Now what?: The Colts took another step back in their pursuit of the AFC South title. They fell to 5-6 and into a second-place tie with the Tennessee Titans, two games behind Houston (6-4) in the loss column.
So they won’t mind a bit of help this weekend. The Texans are home against San Diego, which is 4-6 but features the NFL’s second-ranked scoring offense (29.2 points per game). The Titans are at 2-8 Chicago. The Bears have lost four of their last five and are without QB Jay Cutler.
Medical update: The Colts found themselves scrambling along the offensive line from the outset. Rookie center Ryan Kelly suffered a shoulder injury on the first series and did not return. Jon Harrison replaced Kelly. On the second play of the second series, right guard Denzelle Good left the game with an injury to his neck and shoulder. He returned later in the quarter, but left the game for good in the fourth quarter.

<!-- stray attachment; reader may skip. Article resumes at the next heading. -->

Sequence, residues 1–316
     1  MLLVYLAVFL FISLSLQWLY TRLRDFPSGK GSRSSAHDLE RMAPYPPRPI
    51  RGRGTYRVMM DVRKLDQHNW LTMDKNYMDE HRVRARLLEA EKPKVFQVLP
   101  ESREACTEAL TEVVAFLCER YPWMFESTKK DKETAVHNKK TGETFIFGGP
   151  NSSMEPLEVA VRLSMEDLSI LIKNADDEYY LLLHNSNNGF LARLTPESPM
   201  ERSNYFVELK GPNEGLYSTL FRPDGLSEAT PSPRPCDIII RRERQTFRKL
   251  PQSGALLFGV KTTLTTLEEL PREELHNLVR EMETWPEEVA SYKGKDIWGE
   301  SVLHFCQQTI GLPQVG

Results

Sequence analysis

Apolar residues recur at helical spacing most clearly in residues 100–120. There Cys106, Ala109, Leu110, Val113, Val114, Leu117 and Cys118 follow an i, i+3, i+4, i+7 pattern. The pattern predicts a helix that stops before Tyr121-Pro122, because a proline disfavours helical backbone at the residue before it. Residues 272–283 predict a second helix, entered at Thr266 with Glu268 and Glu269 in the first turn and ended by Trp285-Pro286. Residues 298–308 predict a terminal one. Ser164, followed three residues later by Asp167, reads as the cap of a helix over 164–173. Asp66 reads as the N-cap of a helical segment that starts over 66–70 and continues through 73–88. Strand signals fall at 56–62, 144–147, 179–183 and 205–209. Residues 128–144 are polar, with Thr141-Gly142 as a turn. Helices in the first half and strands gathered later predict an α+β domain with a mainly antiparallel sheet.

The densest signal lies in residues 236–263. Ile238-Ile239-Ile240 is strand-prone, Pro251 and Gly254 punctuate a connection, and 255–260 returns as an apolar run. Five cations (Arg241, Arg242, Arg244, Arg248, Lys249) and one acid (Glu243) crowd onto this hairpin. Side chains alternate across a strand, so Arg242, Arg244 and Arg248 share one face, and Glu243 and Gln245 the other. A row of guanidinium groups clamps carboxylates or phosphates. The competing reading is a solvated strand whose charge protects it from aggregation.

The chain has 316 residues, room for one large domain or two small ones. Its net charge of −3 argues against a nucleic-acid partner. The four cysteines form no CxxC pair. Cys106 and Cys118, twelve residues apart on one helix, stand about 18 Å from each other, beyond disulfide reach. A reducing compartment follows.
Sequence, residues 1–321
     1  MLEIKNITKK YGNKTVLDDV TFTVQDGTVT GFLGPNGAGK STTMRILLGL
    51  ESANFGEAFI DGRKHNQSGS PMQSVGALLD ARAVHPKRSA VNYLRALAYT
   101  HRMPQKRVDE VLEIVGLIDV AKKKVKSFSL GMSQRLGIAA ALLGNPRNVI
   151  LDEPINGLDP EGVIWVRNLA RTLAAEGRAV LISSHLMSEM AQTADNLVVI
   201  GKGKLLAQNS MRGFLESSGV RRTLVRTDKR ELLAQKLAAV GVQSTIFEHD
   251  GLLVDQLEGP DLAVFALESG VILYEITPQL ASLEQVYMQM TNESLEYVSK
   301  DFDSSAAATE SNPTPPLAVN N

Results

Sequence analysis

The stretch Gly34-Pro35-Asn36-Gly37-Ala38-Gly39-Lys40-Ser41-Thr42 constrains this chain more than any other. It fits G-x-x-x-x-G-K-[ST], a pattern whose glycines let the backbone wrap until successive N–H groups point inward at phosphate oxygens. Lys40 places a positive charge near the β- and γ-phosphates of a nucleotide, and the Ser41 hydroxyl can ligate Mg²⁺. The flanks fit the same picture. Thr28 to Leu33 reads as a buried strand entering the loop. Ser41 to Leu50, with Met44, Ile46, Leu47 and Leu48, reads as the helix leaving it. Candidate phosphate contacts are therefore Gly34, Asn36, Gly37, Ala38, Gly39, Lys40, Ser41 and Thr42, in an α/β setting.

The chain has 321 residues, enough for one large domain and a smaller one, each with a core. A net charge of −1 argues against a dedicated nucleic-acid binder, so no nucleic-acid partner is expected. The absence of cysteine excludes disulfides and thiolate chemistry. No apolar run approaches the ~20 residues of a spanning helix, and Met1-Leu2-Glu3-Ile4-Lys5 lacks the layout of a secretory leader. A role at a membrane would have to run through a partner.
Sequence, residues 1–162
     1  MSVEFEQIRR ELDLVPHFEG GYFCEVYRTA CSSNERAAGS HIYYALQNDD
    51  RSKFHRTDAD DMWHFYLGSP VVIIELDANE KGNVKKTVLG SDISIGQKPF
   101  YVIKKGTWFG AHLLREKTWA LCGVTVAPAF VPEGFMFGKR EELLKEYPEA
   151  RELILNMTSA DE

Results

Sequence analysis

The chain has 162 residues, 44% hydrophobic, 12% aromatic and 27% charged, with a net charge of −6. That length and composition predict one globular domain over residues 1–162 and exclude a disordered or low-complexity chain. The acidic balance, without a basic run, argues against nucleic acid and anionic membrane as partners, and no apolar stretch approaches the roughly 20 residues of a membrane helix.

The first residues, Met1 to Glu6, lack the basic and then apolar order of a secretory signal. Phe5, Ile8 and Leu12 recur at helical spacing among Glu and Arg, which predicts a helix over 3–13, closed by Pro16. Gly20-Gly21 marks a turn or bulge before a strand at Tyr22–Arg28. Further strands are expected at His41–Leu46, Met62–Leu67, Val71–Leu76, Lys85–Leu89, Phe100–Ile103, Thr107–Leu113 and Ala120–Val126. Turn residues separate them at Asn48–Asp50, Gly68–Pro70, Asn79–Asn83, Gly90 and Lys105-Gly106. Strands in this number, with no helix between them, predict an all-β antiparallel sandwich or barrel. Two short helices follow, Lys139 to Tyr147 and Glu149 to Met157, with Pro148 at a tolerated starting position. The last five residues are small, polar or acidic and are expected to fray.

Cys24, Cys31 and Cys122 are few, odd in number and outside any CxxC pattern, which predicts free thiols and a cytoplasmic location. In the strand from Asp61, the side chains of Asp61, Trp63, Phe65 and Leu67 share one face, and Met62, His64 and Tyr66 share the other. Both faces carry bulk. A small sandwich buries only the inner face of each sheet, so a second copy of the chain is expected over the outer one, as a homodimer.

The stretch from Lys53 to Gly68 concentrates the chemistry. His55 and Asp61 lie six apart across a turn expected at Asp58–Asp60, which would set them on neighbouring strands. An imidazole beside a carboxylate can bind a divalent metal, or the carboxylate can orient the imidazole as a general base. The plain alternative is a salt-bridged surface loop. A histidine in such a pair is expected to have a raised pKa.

In the second quarter, cornerback Vontae Davis left the game with a groin injury and did not return. He was questionable for the game with an injury to his right ankle. Prior to going out, Davis gave up 25- and 33-yard touchdown catches to Brown.
After leaving the game and heading to the locker room following the big hit by Mitchell, Hilton returned for the start of the third quarter. He had a 4-yard reception, but then was pulled from the game.
In the fourth quarter, linebacker Robert Mathis left the game with an elbow injury.
So after starting the game without Luck, the Colts finished without Kelly, Hilton, Davis, Good and Mathis.
The Colts are off for 11 days before a road meeting with the New York Jets Dec. 5. They’ll need the extra time to heal.